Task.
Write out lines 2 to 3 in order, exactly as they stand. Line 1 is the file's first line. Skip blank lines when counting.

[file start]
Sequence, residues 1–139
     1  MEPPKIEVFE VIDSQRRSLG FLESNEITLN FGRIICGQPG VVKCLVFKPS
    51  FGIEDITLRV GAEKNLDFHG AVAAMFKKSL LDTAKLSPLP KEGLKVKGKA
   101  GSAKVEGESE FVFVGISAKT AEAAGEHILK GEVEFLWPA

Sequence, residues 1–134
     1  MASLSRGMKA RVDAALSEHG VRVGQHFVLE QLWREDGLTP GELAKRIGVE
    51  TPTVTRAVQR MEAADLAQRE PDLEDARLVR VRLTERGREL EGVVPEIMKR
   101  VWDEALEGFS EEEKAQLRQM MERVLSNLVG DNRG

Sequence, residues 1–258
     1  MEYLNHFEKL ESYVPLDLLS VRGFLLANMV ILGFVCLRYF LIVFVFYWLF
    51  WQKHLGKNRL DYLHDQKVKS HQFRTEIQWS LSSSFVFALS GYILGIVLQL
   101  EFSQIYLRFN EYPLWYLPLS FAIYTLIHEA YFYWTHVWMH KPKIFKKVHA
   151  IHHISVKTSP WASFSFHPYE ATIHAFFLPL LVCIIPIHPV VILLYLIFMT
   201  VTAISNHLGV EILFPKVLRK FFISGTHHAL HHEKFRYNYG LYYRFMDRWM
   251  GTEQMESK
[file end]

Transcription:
     1  MEPPKIEVFE VIDSQRRSLG FLESNEITLN FGRIICGQPG VVKCLVFKPS
    51  FGIEDITLRV GAEKNLDFHG AVAAMFKKSL LDTAKLSPLP KEGLKVKGKA